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Ubuntu in Action

Source: Beijing Review | 2024-05-06 15:42   Click:

A view of Xiamen, Fujian Province in southeast China, in September 2021 (WEIYAO)


South Africa has the following saying: "I am because we are!" This ancient philosophy is called ubuntu, a compressed term from the country's Nguni languages of Zulu and Xhosa that broadly explains how our humanity is enriched through shared experiences, compassion and a sense of responsibility to others.


Similarly, the concepts of harmony, interconnectedness and mutual respect are deeply ingrained in the philosophy, values and culture of the Chinese people.


South Africa and China share a long history of friendship and cooperation. On September 18, 2023, the cities of Durban in South Africa and Xiamen in China's southeastern province of Fujian officially established sister-city relations.


As a true Durbanite who now also holds the title of Xiamener, I find myself in a special position, given the fact that the two cities I call home have joined hands for mutual cooperation. Having lived at the crossroads of these two worlds, I can say with confidence that our collaborative future is full of responsibility.


Historically, various cultural influences from around the world have shaped the distinctive features, flavors and ethos of these two cities.


Situated in the heart of the former Zulu Kingdom, one of sub-Saharan Africa's most eclectic blends of wildlife, history and culture, Durban is a dynamic coastal city and Africa's largest port.


With world-class facilities, a deep-water harbor and ongoing expansion projects, the port plays a pivotal role in the country's economy, acting as a significant transshipment hub for goods destined for Africa and beyond.


Similarly, Xiamen has served as a historical gateway for trade between China and the rest of the world. Located in Fujian, an industrial manufacturing hub, and endowed with state-of-the-art infrastructure, the city is ideally positioned for success.


In the current age of information, innovation and connectivity, the cities have embarked on a new journey focused on sustainability, skills development and investments in exciting new ventures.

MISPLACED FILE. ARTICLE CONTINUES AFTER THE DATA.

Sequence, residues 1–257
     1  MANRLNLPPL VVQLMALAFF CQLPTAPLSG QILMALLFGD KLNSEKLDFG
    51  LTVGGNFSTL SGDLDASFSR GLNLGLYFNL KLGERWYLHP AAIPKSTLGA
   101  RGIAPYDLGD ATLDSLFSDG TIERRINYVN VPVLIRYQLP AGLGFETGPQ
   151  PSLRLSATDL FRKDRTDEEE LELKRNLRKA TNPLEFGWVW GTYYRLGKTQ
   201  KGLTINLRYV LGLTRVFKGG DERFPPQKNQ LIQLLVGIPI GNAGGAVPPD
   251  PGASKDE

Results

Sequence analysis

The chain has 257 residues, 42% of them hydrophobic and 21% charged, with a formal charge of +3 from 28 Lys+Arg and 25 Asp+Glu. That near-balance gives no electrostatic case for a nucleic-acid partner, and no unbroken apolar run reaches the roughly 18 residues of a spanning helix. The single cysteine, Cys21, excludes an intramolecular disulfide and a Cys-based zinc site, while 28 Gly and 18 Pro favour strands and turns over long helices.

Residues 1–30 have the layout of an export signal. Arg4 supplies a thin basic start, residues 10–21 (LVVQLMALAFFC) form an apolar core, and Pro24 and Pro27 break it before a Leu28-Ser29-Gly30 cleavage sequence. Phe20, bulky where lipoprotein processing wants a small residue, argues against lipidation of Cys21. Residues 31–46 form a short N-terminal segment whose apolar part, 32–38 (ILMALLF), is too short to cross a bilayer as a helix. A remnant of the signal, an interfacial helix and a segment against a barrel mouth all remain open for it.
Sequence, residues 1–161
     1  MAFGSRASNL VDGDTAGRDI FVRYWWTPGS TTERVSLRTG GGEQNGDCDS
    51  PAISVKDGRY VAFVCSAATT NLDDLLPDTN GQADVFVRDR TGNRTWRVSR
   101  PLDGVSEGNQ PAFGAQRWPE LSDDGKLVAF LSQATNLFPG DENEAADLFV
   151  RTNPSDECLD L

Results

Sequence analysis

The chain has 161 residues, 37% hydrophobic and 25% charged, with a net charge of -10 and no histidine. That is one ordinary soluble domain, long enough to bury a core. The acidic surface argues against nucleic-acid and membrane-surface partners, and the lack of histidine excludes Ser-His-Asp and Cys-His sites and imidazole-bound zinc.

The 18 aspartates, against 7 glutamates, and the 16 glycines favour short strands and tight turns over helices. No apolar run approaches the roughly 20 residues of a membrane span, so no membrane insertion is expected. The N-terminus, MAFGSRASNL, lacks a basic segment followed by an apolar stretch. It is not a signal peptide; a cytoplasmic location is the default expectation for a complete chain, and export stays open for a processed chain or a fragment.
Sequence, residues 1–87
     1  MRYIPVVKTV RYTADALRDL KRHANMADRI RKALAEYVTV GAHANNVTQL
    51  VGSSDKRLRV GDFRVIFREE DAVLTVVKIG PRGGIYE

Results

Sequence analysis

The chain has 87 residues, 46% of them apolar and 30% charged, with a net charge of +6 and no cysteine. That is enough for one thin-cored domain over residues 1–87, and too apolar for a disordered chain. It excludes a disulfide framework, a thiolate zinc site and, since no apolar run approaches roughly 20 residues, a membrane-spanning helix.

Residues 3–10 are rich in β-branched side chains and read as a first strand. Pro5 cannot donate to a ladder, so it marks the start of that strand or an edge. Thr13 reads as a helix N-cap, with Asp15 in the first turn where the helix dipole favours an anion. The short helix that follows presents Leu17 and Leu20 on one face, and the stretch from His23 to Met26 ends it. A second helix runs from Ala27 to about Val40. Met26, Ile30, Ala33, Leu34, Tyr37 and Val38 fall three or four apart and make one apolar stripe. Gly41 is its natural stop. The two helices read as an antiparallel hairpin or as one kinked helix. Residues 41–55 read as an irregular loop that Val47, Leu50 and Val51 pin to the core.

Younger generations have a pivotal role to play in shaping the future of China-South Africa relations. South Africa is a youthful nation, with 60 percent of its population aged between 16 and 35.


Young people from both China and South Africa serve as cultural ambassadors by promoting an understanding and appreciation of each other's traditions. As future leaders, the youth hold the potential to deepen the bond between Durban and Xiamen, not only economically and diplomatically, but also through our shared values of equity, human rights and environmental protection.


At the forefront of innovation, the youth contribute to economic growth through entrepreneurship and technology endeavors, laying the groundwork for a dynamic and interconnected future.


Educational exchange is an avenue for broadening perspectives and sharing knowledge. As the words of anti-apartheid activist and first President of South Africa Nelson Mandela remind us, "Education is the only weapon you can use to change the world."


Today, our rapidly changing world faces numerous unprecedented challenges, for which we must find unique and sustainable solutions.


Engaging in social initiatives, promoting people-to-people ties and fostering global citizenship all contribute to building a foundation of mutual trust. Thus, the sister-cities initiative between Durban and Xiamen is a beacon of hope, embodying the spirit of ubuntu.


As a South African living in China, far from my homeland, I've never truly felt homesick in Xiamen. Durban is a city of friendly people and ocean breeze; I find the same sense of warmth and familiarity in the old streets of Xiamen. Sitting on the city's Huangcuo Beach, I can easily picture myself being back home on Durban's Golden Mile, a popular stretch of beachfront.


My hometown, Durban, is described as kwa-zulu, meaning Heaven on Earth. And how very fortunate I am to have found Heaven on Earth twice—first by birth and then by destiny.



By Kashveer Raghunath


This article was first published in ChinAfrica magazine. The author is a South African teacher in Xiamen